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The lifecycle of storm tracks

Novak, L. (2016) The lifecycle of storm tracks. PhD thesis, University of Reading

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Local periodic behaviour of storm tracks is found in the North Atlantic, the North Pacific, and in an aquaplanet global circulation model. Such periodicity is suggested to be a result of baroclinic instability that is characterised by nonlinear interactions between eddy fluxes and the mean-flow structure. This periodicity is associated with different processes at the beginning and end parts of the storm track. The beginning part exhibits maxima in both storm track activity and its growth rate, both of which oscillate temporarily in intensity akin to a predator-prey relationship. A nonlinear oscillator model is proposed to describe this relationship quantitatively, yielding a good agreement with atmospheric observations. It is predicted and observed that on average stronger storm events occur less frequently but are triggered more rapidly. Examination of the associated energetics suggests additional importance of the mean overturning circulation and the transport of mean available potential energy from polar latitudes, neither of which were included in the present model. Towards the end of the storm track, the dynamics are characterised more by variability in eddy momentum fluxes and transient jets, the latter often exhibiting periodic latitudinal fluctuations. It is suggested that the above effect of cycling baroclinicity and heat flux induces changes in eddy anisotropy which are responsible for the periodic jet deflections further downstream. On average, low heat flux is associated with an equatorward deflection of the jet, and vice versa. This jetdeflecting effect is characterised by a transfer of the system to a lower-frequency variability, and a mechanism to explain the observed preferred transitions of the North Atlantic jet is proposed. The oscillations in the storm track activity, baroclinicity and eddy-driven jet are closely linked, and can be viewed as describing the spatio-temporal lifecycle of the storm track.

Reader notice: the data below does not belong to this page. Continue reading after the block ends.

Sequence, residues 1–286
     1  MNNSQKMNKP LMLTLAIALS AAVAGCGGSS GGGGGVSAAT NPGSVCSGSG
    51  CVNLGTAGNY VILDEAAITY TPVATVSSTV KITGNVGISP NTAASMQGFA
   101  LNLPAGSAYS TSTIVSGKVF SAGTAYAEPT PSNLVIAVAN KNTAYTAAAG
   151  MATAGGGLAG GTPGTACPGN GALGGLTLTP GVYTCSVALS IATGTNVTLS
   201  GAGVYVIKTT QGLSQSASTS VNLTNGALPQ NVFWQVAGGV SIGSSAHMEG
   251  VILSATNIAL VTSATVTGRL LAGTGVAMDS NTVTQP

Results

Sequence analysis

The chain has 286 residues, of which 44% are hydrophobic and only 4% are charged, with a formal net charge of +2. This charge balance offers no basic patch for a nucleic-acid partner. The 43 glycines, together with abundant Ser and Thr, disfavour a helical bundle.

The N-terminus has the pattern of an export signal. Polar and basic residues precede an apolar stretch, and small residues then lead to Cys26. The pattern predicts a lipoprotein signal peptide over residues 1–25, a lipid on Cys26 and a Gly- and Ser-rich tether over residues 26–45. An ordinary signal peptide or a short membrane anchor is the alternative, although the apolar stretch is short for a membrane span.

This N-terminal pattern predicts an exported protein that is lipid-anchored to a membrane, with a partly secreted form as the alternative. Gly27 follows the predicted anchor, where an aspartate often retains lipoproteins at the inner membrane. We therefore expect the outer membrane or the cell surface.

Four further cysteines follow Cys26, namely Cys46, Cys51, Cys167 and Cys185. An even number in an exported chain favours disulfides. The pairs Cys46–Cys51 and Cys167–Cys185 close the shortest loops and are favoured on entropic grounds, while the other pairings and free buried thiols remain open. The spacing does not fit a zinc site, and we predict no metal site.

Item Type:Thesis (PhD)
Thesis Supervisor:Ambaum, M. and Tailleux, R.
Thesis/Report Department:Department of Meteorology
Identification Number/DOI:
Divisions:Science > School of Mathematical, Physical and Computational Sciences > Department of Meteorology
ID Code:69086


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